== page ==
At another point in the conversation, he also compared my five miscarriages to foul balls. Technically, yes, they are strikes, he says. But even if you have 10 miscarriages strikes, you're still up to bat and you should keep trying. Yes, that was meant to be encouraging. Really.

...on Clothes Shopping with 50 Extra Pounds of Infertility Flab

For a very brief time in my life, when I was starving myself and consequently a lovely size 6, shopping was fun.

I ventured out today to try to find clothes for a couple of upcoming occasions. All I can say is What the heck are fashion designers thinking these days??

The item I have the most difficulty buying are pants. Now, please understand that I'm realistic about my size. I'd be lucky if that slinky little size 6 red dress that I had 10 years ago would fit around one of my legs with much room to spare at this point. So I don't go trying on size 10 pants when I'm, well, not a size 10.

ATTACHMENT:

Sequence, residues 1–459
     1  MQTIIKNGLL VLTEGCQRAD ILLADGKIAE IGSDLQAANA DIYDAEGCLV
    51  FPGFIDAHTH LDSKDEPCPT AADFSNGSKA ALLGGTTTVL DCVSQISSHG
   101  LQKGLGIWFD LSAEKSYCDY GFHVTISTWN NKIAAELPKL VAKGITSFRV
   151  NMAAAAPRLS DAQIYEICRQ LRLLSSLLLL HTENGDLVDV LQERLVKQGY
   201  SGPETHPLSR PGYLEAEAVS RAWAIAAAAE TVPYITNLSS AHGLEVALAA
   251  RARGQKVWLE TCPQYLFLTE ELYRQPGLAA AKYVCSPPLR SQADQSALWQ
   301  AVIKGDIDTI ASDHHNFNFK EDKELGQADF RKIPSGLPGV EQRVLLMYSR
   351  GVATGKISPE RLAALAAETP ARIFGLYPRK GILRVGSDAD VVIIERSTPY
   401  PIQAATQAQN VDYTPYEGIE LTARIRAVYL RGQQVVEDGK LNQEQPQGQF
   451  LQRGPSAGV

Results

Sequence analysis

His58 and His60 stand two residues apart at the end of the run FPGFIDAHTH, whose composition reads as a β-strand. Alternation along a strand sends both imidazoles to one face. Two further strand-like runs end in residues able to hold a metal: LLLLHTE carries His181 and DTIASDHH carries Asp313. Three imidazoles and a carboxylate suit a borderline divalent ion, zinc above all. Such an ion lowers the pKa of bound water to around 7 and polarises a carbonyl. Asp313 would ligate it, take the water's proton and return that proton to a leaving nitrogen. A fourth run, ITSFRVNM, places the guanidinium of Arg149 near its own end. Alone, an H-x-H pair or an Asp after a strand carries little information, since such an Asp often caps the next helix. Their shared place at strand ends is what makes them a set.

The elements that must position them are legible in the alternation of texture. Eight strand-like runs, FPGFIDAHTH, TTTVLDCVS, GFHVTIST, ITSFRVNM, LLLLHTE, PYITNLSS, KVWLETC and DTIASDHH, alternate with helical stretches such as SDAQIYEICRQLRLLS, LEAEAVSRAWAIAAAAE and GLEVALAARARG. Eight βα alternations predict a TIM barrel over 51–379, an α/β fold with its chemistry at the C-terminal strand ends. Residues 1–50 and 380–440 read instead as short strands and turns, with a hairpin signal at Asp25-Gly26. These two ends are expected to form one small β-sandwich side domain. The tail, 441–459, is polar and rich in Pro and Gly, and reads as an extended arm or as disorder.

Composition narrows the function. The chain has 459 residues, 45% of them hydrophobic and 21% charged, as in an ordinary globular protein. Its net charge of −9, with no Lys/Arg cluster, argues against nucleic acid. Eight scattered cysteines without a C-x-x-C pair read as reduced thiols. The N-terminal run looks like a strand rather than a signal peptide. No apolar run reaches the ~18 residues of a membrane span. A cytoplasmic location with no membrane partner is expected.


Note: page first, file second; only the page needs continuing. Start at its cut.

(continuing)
I ventured into the dressing room with about 5 pairs of pants, and came up with the same results on all of them: Pant legs with enough extra yards of material at the bottom that a search party sent to find my feet would still be looking for them two days later, while around my waist, stomach and hips I look like a stuffed sausage about ready to explode from its casing.

My ankles don't need that much material - they aren't THAT big. So, fashion designers, please take note: Shear off some of those extra yards of fabric around my feet and move them about three feet north, where I could really use the coverage. And while you're redesigning them, could you also please figure out a style that makes me look about 30 pounds thinner? Thanks.

...on The 'Let's Try Naturally' Approach